In my last post, I listed my “ten best Jesus movies.” Here now are my ten favorite moments, scenes which not only succeed cinematically but also provide fresh and resonant images of the Christ who, as the Jesuit poet said, “plays in ten thousand places.” But my ultimate criterion is that each of these scenes, after countless viewings, never fails to engage and move me.
No single image can capture the mystery of the Word made flesh. No actor will make you think he has become the perfect movie Jesus. But whenever the gospel story is retold and re-experienced, we may yet see something we had previously missed. We may even partake of a new revelation that has been waiting all these years to be received.
1927: The little blind girl (The King of Kings)
Most of the Jesus films invent dialogue to fill the gaps, but the incidents involving Jesus remain mostly Scriptural. But this scene, performed with silent cinema’s eloquent language of faces and gestures, is entirely invented. And it’s marvelous. A boy just healed by Jesus wants to share his blessing with a blind girl. “Take my hand – let me lead thee to him.” He guides her to a window and gives her a boost. Inside, the mother of Jesus gently receives the girl, who feels Mary’s face with her hands. “Please, I have come to find Jesus.” In the original score, the string section plays “Fairest Lord Jesus” here, imploring every sentiment. Mary takes the girl to stand before her son, who has not yet appeared on screen. “Lord, I have never seen the flowers nor the light. Wilt thou open my eyes?” The pleadingly expressive girl (played unforgettably by Muriel McCormack) stands in for all of us who long to see the Light of the world. The air around her grows luminous, and then, through her own eyes, we see a blurry glow gradually become the loving face of Christ, whom we, like her, now see for the first time. It perhaps the grandest entrance in the genre, and the perfect metaphor for a medium trying to bring the reality of Christ to light.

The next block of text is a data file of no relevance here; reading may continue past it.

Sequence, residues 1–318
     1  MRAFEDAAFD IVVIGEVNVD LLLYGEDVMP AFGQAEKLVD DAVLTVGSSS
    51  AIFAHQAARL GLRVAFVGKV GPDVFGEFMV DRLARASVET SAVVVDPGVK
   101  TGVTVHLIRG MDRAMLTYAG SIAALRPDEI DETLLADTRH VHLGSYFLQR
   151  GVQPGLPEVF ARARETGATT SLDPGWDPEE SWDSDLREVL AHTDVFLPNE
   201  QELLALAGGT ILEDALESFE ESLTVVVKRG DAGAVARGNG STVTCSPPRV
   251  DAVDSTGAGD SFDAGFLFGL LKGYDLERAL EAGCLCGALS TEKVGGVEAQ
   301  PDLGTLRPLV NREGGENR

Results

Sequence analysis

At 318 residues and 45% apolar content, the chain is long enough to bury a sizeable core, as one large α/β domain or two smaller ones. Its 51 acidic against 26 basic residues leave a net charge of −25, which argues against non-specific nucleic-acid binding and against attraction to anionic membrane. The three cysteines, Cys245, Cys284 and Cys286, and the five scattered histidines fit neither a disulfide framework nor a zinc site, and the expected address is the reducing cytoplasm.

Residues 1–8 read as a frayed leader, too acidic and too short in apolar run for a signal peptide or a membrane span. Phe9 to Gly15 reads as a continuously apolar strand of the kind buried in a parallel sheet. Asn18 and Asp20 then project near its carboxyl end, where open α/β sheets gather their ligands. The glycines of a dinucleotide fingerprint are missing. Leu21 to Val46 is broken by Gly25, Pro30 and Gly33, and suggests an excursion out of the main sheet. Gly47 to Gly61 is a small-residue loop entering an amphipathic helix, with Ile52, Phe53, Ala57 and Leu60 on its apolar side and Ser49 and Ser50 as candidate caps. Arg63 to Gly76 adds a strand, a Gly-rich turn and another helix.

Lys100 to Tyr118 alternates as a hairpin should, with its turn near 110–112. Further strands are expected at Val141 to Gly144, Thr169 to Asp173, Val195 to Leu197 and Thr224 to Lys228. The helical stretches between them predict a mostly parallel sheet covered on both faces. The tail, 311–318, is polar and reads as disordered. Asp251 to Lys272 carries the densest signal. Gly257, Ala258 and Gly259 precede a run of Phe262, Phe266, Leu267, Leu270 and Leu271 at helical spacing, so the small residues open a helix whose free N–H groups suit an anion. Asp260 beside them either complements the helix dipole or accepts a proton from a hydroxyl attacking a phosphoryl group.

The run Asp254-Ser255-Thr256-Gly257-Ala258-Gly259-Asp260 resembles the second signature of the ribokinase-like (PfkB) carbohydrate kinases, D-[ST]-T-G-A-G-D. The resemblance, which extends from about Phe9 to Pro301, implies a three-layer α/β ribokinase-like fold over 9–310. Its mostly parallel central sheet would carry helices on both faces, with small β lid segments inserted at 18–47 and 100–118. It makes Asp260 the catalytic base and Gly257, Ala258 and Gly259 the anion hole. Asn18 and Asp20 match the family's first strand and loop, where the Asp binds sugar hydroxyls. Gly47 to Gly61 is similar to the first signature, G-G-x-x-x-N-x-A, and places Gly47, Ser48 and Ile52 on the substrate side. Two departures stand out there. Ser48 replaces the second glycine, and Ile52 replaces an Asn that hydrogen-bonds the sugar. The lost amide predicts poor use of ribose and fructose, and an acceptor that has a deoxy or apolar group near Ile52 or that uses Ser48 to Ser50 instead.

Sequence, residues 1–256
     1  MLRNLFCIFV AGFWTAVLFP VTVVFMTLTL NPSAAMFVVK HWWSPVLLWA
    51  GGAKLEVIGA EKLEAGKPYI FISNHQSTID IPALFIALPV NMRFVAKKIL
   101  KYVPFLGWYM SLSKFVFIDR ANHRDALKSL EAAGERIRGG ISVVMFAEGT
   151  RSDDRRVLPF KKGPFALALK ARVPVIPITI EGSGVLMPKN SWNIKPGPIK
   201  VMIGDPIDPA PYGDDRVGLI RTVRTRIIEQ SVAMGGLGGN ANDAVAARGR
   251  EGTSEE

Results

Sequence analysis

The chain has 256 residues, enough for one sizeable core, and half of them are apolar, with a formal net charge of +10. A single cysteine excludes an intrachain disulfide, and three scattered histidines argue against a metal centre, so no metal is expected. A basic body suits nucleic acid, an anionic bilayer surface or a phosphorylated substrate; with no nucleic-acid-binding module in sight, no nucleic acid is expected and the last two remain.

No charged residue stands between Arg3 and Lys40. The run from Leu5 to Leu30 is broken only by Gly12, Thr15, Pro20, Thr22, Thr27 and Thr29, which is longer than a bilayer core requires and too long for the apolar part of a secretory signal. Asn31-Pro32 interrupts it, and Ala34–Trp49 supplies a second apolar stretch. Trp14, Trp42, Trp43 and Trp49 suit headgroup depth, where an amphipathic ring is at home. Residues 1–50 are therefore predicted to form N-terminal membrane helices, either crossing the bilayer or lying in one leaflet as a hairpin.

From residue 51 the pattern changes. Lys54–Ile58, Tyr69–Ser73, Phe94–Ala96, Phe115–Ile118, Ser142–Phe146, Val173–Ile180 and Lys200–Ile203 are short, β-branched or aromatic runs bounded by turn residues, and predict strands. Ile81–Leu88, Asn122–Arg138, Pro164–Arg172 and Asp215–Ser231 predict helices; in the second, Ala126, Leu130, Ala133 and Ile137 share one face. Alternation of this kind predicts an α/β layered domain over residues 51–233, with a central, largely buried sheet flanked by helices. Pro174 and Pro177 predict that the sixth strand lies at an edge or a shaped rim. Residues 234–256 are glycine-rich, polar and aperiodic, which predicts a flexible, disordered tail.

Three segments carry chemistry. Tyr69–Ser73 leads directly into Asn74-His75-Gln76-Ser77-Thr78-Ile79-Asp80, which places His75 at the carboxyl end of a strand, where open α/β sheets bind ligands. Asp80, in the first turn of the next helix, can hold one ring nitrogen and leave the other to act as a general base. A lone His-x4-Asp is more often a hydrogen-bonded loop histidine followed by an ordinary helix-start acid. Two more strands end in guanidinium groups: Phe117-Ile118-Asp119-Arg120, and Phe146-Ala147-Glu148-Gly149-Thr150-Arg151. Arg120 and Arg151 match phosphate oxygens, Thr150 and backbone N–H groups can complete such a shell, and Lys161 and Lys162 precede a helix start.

1954: The Lost Sheep (Day of Triumph)
I admit special affection for this film because my father produced it and I got out of school for a week to play an extra (who ended up on the cutting room floor). And this sequence, employing the traditional (though unbiblical) conflation of Mary Magdalene with repentant female sinners, has moved me ever since I first saw it as a child. Magdalene, a wealthy courtesan (played by the beautiful Joanne Dru), happens to hear Jesus teaching in Jerusalem. When he tells the parable of the Lost Sheep, he looks pointedly at her. Back in her house, she asks her servant – an early follower – what she knows about Jesus, masking her spiritual longing as idle curiosity. As the conversation unfolds, something in Magdalene breaks, and we cut to a Pharisee’s house, where Jesus has been invited to dine. A repentant Magdalene, now in humble attire, arrives to wash Jesus’ feet with her tears. The Pharisee is shocked, the disciples bewildered. When Jesus speaks the words of forgiveness over her, we get the first close-up of Mary Magdalene’s tear-stained face. Every close-up in effect isolates the face from the external particularities of body, environment and social context, conveying something both universal and purely inward. For me, this intimate view of Mary’s magnified face as she raises her downcast eyes toward Jesus evokes salvation history in a single glance.
1965: The Annunciation to Joseph (The Gospel According to St. Matthew)
How do you tell the story of Joseph coming to terms with Mary’s pregnancy when you are restricted to Matthew’s actual text, which provides neither dialogue nor psychological description? Pasolini begins his film with a close-up of Mary, then of Joseph, each face suggesting an unresolved tension between them. After two more awkward close-ups, we finally see a full shot of a pregnant Mary (full of dis-grace) and the problem becomes clear. The scene moves toward resolution through entirely visual means, like silent cinema, omitting even Matthew’s sparse narration. When speech (the angel’s “annunciation” to Joseph) finally does intrude into this silent world, it feels like the shock of the transcendent. In the beginning was the Word.
1969: Jesus the teacher (Son of Man)
The Jesus in this rarely seen British television production is neither meek nor mild. In his Sermon on the Mount, he moves energetically among the crowd, prodding and challenging them to think in new and uncomfortable ways. First he invites them to embrace the kinfolk around them as a sign of love. “That’s nice, isn’t it?” he says, noting how easy it is to love those who love you. It’s nothing extraordinary. “Do you want me to congratulate you for that?” Then he delivers the kicker: “Love your enemy!” As he lists specific examples of the enemies they should love, the crowd begins to murmur its dissent, to which Jesus responds emphatically: “Did I come to tell you easy things? Do you want me to tell you easy things?”